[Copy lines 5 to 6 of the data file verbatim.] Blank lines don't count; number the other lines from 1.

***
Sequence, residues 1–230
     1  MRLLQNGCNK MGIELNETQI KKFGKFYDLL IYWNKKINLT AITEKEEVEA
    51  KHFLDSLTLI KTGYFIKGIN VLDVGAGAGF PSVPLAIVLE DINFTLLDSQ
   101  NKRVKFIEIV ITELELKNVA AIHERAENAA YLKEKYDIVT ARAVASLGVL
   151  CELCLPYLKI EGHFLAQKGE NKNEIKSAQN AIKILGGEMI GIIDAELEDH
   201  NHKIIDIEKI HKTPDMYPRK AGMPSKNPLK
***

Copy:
   151  CELCLPYLKI EGHFLAQKGE NKNEIKSAQN AIKILGGEMI GIIDAELEDH
   201  NHKIIDIEKI HKTPDMYPRK AGMPSKNPLK